Farmers and contractors who use equipment for non-agricultural work could be caught out by new red diesel rules, the National Association of Agricultural Contractors (NAAC) has warned.
Although red diesel will continue to be permitted for farm work, its use will no longer be legal on construction sites from 1 April 2022.
Recognising many farmers supplement incomes by using machinery for construction work, NAAC chief executive Jill Hewitt said farmers must ensure they do not break the law.
Unless machinery is being used for farm work, flood or snow clearance, gritting, or roadside hedge and verge cutting, it will no longer be allowed to run on red diesel, Ms Hewitt said.
Any construction or amenity work such as sports field mowing or trimming hedges around car parks must only be carried out using white diesel, she explained.
Ms Hewitt voiced particular concern for contractors with large, specialist machines such as drainage equipment.
The machines could only be made profitable by carrying out a range of work that might cross from agricultural to construction, she said.
Need for clarity
“We are asking HMRC for greater clarity on whether switching from red to white diesel is acceptable,” Ms Hewitt said.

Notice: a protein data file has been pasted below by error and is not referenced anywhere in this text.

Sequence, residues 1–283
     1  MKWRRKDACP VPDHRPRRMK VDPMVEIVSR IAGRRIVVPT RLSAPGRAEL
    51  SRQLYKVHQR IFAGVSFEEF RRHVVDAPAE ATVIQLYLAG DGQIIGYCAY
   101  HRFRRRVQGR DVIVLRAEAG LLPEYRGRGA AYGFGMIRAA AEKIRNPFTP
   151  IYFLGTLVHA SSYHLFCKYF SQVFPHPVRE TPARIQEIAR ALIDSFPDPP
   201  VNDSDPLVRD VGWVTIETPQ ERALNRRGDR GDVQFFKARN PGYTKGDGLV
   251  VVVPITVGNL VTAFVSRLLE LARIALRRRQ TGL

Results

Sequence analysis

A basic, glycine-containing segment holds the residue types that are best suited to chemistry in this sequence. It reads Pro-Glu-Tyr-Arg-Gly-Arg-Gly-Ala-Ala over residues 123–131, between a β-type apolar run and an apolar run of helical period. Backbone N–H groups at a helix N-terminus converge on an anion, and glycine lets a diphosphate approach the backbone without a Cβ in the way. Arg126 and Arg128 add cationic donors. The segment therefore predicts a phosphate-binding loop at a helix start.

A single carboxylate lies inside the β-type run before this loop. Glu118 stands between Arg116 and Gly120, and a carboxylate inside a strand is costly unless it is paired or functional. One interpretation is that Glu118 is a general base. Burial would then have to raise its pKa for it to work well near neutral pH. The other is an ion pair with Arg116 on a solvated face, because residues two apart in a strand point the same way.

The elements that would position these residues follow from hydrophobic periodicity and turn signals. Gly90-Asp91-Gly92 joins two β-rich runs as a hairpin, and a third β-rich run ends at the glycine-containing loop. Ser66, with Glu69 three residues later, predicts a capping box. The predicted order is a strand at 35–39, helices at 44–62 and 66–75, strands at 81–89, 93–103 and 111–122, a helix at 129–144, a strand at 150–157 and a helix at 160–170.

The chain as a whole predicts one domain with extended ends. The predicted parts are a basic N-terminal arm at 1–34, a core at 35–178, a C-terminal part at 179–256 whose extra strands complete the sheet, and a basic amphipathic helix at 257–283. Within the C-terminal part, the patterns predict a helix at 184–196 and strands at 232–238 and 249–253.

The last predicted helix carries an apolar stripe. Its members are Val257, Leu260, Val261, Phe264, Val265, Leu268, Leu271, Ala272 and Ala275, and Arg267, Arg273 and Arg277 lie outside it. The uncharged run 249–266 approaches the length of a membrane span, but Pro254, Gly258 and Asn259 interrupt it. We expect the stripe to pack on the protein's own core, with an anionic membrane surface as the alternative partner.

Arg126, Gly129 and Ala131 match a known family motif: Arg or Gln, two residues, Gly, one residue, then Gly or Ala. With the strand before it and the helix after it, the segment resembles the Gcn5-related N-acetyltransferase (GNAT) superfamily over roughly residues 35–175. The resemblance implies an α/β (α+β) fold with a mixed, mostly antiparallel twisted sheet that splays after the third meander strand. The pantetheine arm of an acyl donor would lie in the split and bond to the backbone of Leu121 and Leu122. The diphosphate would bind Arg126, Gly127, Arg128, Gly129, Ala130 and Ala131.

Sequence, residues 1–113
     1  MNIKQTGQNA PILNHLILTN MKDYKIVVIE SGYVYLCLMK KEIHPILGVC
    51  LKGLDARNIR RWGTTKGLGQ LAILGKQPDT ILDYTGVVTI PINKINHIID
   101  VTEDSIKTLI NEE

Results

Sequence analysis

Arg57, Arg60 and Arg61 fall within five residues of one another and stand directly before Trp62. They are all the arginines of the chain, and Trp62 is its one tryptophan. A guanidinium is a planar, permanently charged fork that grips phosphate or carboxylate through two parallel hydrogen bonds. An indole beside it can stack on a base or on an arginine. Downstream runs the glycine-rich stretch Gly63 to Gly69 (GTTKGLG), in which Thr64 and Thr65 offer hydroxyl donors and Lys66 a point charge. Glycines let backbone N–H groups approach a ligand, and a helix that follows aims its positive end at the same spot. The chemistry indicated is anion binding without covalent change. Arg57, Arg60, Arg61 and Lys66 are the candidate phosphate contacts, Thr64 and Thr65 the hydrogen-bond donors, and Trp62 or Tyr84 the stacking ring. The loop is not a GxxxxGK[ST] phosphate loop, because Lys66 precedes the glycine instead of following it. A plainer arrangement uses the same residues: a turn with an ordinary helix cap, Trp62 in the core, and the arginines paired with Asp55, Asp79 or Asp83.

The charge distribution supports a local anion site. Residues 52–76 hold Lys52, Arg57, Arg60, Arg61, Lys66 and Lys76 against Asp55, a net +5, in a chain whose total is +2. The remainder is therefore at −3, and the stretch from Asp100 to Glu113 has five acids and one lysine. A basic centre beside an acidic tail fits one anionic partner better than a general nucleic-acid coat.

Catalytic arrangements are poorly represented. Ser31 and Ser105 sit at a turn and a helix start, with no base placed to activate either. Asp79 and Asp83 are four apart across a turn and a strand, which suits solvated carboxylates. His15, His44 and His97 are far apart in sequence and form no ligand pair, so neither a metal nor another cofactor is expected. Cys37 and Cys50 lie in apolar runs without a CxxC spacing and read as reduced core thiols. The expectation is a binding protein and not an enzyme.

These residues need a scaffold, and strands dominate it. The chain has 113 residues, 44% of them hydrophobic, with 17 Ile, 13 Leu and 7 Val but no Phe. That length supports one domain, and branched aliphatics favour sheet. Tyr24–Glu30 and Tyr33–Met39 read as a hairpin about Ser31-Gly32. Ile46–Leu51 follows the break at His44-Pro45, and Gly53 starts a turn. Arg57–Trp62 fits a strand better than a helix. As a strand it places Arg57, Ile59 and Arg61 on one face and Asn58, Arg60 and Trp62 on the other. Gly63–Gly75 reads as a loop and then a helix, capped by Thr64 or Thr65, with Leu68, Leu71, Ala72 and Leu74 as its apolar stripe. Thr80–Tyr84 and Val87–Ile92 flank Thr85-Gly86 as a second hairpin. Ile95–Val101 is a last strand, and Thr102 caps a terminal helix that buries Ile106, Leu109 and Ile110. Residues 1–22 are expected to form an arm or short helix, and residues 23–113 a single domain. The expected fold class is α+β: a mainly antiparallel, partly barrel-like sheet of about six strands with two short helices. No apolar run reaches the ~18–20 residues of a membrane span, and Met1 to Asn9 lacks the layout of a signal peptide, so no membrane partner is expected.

The current guidance from HMRC is to remove all traces of red diesel from the tank and filters. But this is notoriously difficult and the NAAC is seeking clarity, she added.
Ms Hewitt also stressed that HMRC had repeatedly pointed out if a vehicle is taxed as agricultural use it should only be used for farm work.
Therefore, the question over whether it is fuelled on red and white should never arise.
Agricultural contractor Bob Rutt, who runs a hedgecutting service in Northamptonshire, reckoned thousands of farmers would have to stop work vital to maintaining their incomes.
“How on earth are you going to get rid of the red stain out of a tank?” Mr Rutt asked.
Even if tanks could be cleaned, those who use vehicles legitimately under the correct vehicle tax class would have to increase charges, potentially pricing themselves out of the market, he said.
“White diesel is above 140p/litre– double the price of red,” noted Mr Rutt.
At Budget 2020, the UK government announced that it would remove the entitlement to use red diesel and rebated biodiesel from most sectors from April 2022 – excluding agriculture – to help meet its climate change and air quality targets.
The tax changes will ensure that most users of red diesel use fuel taxed at the standard rate for diesel from April 2022, like motorists, which it says “more fairly reflects the harmful impact of the emissions they produce”.
Full details of the government’s new red diesel rules is available at Gov.UK.